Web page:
Semi-finals (May 14, 2016):Southern California def. Michigan 9–6, Stanford def. UCLA 7-4

Championship (May 15, 2016):Southern California def. Stanford 8–7

2015

The NCAA Women's Water Polo Championship was held on May 8–10, 2015 with Stanford, Stanford, CA hosting. Eight teams participated in the event. As has been the case since 2011, conference champions from the MPSF, WWPA, SCIAC, CWPA, MAAC, and Big West represented the six automatic bids. They were joined by four at-large teams, with play-in games being conducted on May 2: UC San Diego (18-18) def. Whittier (21-14) 17–11, Princeton (29-3) def. Wagner (25-8) 12–2.

Tournament First Round games (May 8, 2015):UCLA (24-2) def. UC San Diego 9–2, California (19-7) def. UCI (19-8) 6–5, Southern Cal (22-5) def. Hawaii (18-9) 14–7, Stanford (23-2) def. Princeton (30-4) 7–2.

Semi-finals (May 9, 2015):UCLA def. California 9–5, Stanford def. Southern Cal 9–8

Championship (May 10, 2015):Stanford def. UCLA, 7–6

2014

The NCAA Women's Water Polo Championship was held on May 9–11, 2014 with USC, Los Angeles hosting. Eight teams participated. Play-in games among four at-large teams were conducted May 3 on the campuses of the higher-seeded teams, with No. 8 seed Indiana defeating No. 9 seed Wagner 11–6, and No. 7 seed UC San Diego defeating No. 10 seed Pomona Pitzer 13–9.

Tournament First Round games (May 9, 2014): No. 1 seed Stanford def. No. 8 seed Indiana 18–2, No. 2 seed UCLA def. No. 7 seed UC San Diego 12–8, No. 3 seed USC def. No. 6 seed UCI 14–11, No. 4 seed Cal def. No. 5 seed ASU 7–4

Semi-finals (May 10, 2014): [1] Stanford def. [4] California 12–8, [2] UCLA def. [3] USC 5–3

Championship (May 11, 2014): [1] Stanford def. [2] UCLA 9–5

Annika Dries of Stanford was named the tournament's most outstanding player.

2013

The NCAA Women's Water Polo Championship was held on May 10–12, 2013 with Harvard University, Cambridge, MA hosting. Eight teams participated. Conference champions from the MPSF, WWPA, SCIAC, CWPA, MAAC, and Big West were joined by two at-large teams.

Tournament First Round games (May 10, 2013): No. 2 seed Stanford (27-2) def. No. 7 seed Iona (21-8) 20–3; No. 3 seed UCLA (26-6) def. No. 6 seed Princeton (26-5) 8–6; No. 1 seed Southern California (24-1) def. Pomona-Pitzer (18-16) 27–1; No. 4 seed Hawaii (21-9) def. No. 5 seed UC San Diego (25-13) 13–6

Semi-finals (May 11, 2013): No. 2 seed Stanford def. No. 3 seed UCLA 5–3; No. 1 seed Southern California def. No. 4 seed Hawaii 16–9

Championship (May 12, 2013): No. 1 seed Southern California def. No. 2 seed Stanford, 10-95OT

2012

The tournament was held at the SDSU's Aztec Aquaplex in San Diego, California with automatic bids for the MPSF, CWPA, Big West, MAAC, WWPA and SCIAC conferences. The three-day championships on May 11–13, 2012, also had two at-large teams.

Tournament First Round games (May 11, 2012): No. 1 Stanford (23-2) def. No. 8 Pomona-Pitzer (21-16) 17–5; No. 2 UCLA (21-3) def. No. 7 Iona (24-11) 14–3; No. 3 Southern California (21-5) def. No. 6 Princeton (28-4) 14–2; No. 4 UC Irvine (24-6) def. No. 5 Loyola Marymount (20-9) 8–6.

Semi-finals (May 12, 2012: No. 1 Stanford def. No. 4 UC Irvine 12–3; No. 3 Southern California def. No. 2 UCLA 12–10.

Championship (May 13, 2012): No. 1 Stanford def. No. 3 Southern California 6–4.

2011

The tournament was held at the University of Michigan's Canham Natatorium in Ann Arbor, Michigan with automatic bids for the MPSF (Stanford), CWPA (Indiana), Big West (UCI), MAAC (Iona), WWPA (UC San Diego) and SCIAC (Redlands). The three-day championships on May 13–15, 2011, also had two at-large teams.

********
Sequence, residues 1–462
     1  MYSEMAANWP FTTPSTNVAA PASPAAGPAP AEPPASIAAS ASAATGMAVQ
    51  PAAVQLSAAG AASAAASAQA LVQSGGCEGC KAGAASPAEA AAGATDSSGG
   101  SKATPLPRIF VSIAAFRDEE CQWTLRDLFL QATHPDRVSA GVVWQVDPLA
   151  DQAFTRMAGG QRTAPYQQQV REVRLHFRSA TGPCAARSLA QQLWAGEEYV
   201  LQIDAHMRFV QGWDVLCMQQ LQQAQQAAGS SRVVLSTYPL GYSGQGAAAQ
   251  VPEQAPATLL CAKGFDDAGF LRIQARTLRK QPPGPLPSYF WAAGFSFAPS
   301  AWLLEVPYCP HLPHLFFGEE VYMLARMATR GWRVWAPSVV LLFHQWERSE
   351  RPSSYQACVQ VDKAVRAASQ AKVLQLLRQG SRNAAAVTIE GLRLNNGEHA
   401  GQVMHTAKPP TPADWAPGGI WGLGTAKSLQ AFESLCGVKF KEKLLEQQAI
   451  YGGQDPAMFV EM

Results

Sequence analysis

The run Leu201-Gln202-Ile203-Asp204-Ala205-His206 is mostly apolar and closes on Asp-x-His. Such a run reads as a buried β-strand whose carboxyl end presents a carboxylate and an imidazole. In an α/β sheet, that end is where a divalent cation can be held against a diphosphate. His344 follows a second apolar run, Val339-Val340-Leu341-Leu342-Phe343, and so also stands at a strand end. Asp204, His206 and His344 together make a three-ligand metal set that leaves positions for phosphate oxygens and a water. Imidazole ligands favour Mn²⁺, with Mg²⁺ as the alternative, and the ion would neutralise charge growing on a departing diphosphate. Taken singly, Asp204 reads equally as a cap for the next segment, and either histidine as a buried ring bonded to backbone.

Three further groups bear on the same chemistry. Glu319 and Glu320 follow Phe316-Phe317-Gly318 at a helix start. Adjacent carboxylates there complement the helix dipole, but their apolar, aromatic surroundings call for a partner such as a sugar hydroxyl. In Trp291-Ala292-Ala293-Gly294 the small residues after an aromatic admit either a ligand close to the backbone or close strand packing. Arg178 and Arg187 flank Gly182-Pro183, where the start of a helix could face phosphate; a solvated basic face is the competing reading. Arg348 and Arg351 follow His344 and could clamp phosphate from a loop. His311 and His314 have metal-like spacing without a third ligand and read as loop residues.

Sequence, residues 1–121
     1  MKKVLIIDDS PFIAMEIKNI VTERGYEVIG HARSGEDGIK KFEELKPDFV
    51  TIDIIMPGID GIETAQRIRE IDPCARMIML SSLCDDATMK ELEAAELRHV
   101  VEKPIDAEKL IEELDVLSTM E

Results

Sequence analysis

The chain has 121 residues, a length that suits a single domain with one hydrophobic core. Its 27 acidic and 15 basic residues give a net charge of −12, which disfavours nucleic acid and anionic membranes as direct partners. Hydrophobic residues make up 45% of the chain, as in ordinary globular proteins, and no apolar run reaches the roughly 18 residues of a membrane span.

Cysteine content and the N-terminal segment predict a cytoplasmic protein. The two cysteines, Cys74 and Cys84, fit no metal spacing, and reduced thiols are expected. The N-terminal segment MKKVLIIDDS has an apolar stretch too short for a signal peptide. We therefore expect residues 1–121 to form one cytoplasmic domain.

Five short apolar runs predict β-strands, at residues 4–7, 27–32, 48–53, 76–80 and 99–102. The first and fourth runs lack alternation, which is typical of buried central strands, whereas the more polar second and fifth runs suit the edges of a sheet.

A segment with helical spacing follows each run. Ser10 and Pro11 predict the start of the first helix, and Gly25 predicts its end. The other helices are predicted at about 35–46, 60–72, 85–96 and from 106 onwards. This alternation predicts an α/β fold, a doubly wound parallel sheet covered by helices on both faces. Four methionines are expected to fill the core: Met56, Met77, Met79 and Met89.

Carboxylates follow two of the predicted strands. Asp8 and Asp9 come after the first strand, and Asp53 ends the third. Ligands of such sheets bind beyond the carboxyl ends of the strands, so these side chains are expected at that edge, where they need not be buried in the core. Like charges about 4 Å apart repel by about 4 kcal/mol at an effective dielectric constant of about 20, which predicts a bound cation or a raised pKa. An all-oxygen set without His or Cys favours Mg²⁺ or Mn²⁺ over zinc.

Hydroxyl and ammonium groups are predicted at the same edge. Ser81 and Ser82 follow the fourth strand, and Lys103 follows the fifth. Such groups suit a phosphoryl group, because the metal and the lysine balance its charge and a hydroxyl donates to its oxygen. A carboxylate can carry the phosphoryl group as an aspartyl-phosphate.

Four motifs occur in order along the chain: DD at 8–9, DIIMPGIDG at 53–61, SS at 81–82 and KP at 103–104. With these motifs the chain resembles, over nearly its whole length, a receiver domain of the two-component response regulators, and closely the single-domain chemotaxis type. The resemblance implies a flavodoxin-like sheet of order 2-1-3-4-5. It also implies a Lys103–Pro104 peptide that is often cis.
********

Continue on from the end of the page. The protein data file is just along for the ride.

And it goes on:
Tournament First Round games: No. 1 Stanford (25-1) def. No. 8 Iona College/University of Redlands (play-in winner) 22–7; No. 4 USC (18-6) def. No. 5 UCI (21-8) 14–9; No. 3 UCLA (24-6) def. No. 6 Indiana (21-8) 8–5; No. 2 California (24-4) def. No. 7 UC San Diego (17-18) 13–5.

Semi-finals: No. 2 California def. No. 3 UCLA 7–4; No. 1 Stanford def. No. 4 Southern California 8–4.

Championship: No. 1 Stanford defeated No. 2 California 9-5 for its second national title.

All Tournament First Team: Amber Oland, Stanford; Annika Dries, Stanford; Emily Csikos, Cal; Kim Krueger, Stanford; Patricia Jancso, USC; Melissa Seidemann, Stanford; Dana Ochsner, Cal; Priscilla Orozco, UCLA

All Tournament Second Team: Stephane Peckham, Cal; Jakie Kohli, Indiana; Joelle Bekhazi, USC; KK Clark, UCLA; Cortney Collyer, UC Irvine; Jessy Cardey, UC Irvine; Maggie Wood, Iona; Kelly Easterday, UCLA

Tournament MVP: Annika Dries, Stanford

2010

The tournament field was announced on Monday, May 3, 2010, with the championship tournament on May 14–16 at San Diego State University's Aztec Aquaplex. Teams that received automatic bids were UCLA (MPSF), Michigan (CWPA), Marist (MAAC), Loyola Marymount (WWPA) and Pomona-Pitzer (SCIAC). Stanford, Cal and USC of MPSF received at-large bids.

Tournament Bracket: #1 Stanford (24-2) def. #8 Pomona-Pitzer (18-14) 23–3; #2 USC (22-3) def. #7 Marist (18-14) 20–5; #6 Loyola Marymount (27-4) def. #3 UCLA (20-7) 5–4; #4 Cal (24-8) def. #5 Michigan (32-6) 12–8.

Semi-finals: #1 Stanford def. #4 Cal 6–3; #2 USC def. #6 Loyola Marymount 10–6.

Southern California defeated Stanford in the title game 10-9 for its second national title in school history.

2009

The following conferences and institutions received automatic qualification for the 2009 championships, which were played on May 8–10: Collegiate Water Polo Association, Michigan; Metro Atlantic Athletic Conference, Marist; Mountain Pacific Sports Federation, USC; Southern California Intercollegiate Athletic Conference, Cal Lutheran; and Western Water Polo Association, Loyola Marymount. The following institutions received at-large bids to the championship field: Stanford, UCLA, and Hawaii.

The first-round games: #1 seed USC (24-1) def. #8 Cal Lutheran (19-12) 22–2; #2 Stanford (24-3) def. #7 Marist (18-13) 21–5; #3 UCLA (22-6) def. #6 Michigan (33-8) 13–6; and #4 Hawaii (18-8) def. # 5 Loyola Marymount (24-7) 11–7.

Semi-finals: #1 USC def. #4 Hawaii 17–5; #3 UCLA def. #2 Stanford 12–11.

The UCLA Bruins women's team (3rd seeded) battled the #1 rated USC Trojans for the national championship on Sunday, May 10, 2009, at College Park, Maryland. With two goals from Tanya Gandy in the first minute of the game, UCLA won a record fifth consecutive crown, 11th national title and 7th NCAA crown, by a score of 5–4. [2] Gandy earned the NCAA Tournament's most valuable player honor.

See also

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References

  1. 1 2 "Women's Water Polo Championship History". National Collegiate Athletic Association . Retrieved January 14, 2021.
  2. 1 2 UCLA defeats USC, claims NCAA women's water polo title Archived 2011-06-03 at the Wayback Machine , Los Angeles Daily News, May 10, 2009
  3. [ permanent dead link ] National Collegiate Women's Records Book
  4. Women's water polo: Stanford wins sixth national title, defeating UCLA 8-7, May 14, 2017